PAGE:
the promotion and attainment of human rights; and the philosophy, language and practice of nonviolence.
Clover Moore Lord Mayor of Sydney
The recipient is awarded a $50,000 prize to further their vital work and a hand-made glass trophy crafted by Australian artist Brian Hirst. Recipients spend a week in Australia to deliver the City of Sydney Peace Prize Lecture, speak with students at Cabramatta High School Peace Day, and engage with other members of the community and media.
2021 Sydney Peace Prize
2018 Professor Joseph E. Stiglitz
2016 Naomi Klein
2014 Julian Burnside AO QC
2012 Senator Sekai Holland
For leading a global conversation about the crisis caused by economic inequality, for exposing the violence inflicted by market fundamentalism, and for championing just solutions to the defining challenge of our time: How can we break the cycle of power and greed to enable all peoples and the planet to flourish?
For exposing the structural causes and responsibility for the climate crisis, for inspiring us to stand up to demand a new agenda for sharing the planet that respects human rights and equality, and for reminding us of the power of authentic democracy to achieve transformative change and justice.
For his brave and principled advocacy for human rights and for those wronged by government, for insisting that we respect our international legal obligations toward those seeking asylum, and for his unflinching defence of the rule of law as a means to achieve a more peaceful and just society.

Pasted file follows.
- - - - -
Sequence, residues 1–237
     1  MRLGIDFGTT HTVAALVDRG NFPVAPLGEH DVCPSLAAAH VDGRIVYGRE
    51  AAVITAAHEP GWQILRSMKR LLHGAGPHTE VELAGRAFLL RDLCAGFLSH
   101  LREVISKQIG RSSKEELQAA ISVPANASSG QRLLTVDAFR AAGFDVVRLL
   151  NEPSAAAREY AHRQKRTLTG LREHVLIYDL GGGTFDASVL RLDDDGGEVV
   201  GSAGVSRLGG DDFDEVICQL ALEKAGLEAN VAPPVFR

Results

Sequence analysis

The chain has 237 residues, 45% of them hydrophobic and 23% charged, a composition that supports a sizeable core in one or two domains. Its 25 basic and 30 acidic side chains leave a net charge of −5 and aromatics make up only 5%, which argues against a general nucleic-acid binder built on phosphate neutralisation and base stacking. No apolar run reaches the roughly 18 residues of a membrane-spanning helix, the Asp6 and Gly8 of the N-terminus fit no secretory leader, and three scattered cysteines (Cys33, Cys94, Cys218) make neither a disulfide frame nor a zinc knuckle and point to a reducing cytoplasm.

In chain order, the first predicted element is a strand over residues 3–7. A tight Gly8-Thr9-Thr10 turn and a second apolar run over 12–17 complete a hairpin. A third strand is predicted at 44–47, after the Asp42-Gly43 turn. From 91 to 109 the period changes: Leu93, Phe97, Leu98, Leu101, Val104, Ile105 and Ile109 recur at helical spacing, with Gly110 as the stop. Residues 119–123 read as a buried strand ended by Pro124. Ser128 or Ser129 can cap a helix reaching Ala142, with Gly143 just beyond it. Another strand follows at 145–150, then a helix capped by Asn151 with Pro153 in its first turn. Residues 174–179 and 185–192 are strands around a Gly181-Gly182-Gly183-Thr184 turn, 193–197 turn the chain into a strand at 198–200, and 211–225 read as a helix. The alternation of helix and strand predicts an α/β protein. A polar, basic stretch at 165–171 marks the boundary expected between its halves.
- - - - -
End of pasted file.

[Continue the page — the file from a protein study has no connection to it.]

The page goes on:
For a lifetime of outstanding courage in campaigning for human rights and democracy, for challenging violence in all its forms and for giving such astute and brave leadership for the empowerment of women.
Nobel Prize winner, champion for global economic justice
Award-winning author, journalist and activist
Australian barrister, human rights advocate and author
Co-Minister for Reconciliation, Healing and Integration in Zimbabwe
2010 Dr Vandana Shiva
Scientist, environmentalist an
For her courageous leadersh for social justice – the empow in developing countries, advo rights of small farming comm scientific analysis of environm
2021 Uluru Statement From The Heart
An invitation to the Australian people to walk with First Nations people to create a better future. For bringing together Australia’s First Nations peoples around a clear and comprehensive agenda; for healing and peace within our Nation and delivering self-determination for Aboriginal and Torres Strait Islander Peoples, that enables Australia to move into the future united and confident.
2019 The Me Too movement
2017 Black Lives Matter Global Network
2015 George Gittoes AM
2013 Dr Cynthia Maung
For exposing injustice for over 45 years as a humanist artist, activist and filmmaker, for his courage to witness and confront violence in the war zones of the world, for enlisting the arts to subdue aggression and for enlivening the creative spirit to promote tolerance, respect and peace with justice.
Distinguished American linguist, social scientist and human rights campaigner
For empowering survivors of sexual harassment and violence, and elevating their voices; for championing truth and justice; for highlighting the breadth and impact of sexual violence worldwide; and for launching a demand for change that is sweeping the world.
For building a powerful movement for racial equality, courageously reigniting a global conversation around state violence and racism, and for harnessing the potential of new platforms and power of people to inspire a bold movement for change at a time when peace is threatened by growing inequality and injustice.